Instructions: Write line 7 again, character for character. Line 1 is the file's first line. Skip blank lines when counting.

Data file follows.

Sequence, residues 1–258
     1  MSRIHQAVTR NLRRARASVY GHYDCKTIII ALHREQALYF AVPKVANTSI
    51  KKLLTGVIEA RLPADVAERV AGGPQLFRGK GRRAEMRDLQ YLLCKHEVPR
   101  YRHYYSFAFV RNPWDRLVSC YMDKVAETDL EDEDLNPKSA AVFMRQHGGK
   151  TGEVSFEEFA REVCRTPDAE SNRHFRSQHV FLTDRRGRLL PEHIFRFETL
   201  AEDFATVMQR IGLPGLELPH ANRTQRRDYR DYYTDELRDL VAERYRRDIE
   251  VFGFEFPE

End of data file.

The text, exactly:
   251  VFGFEFPE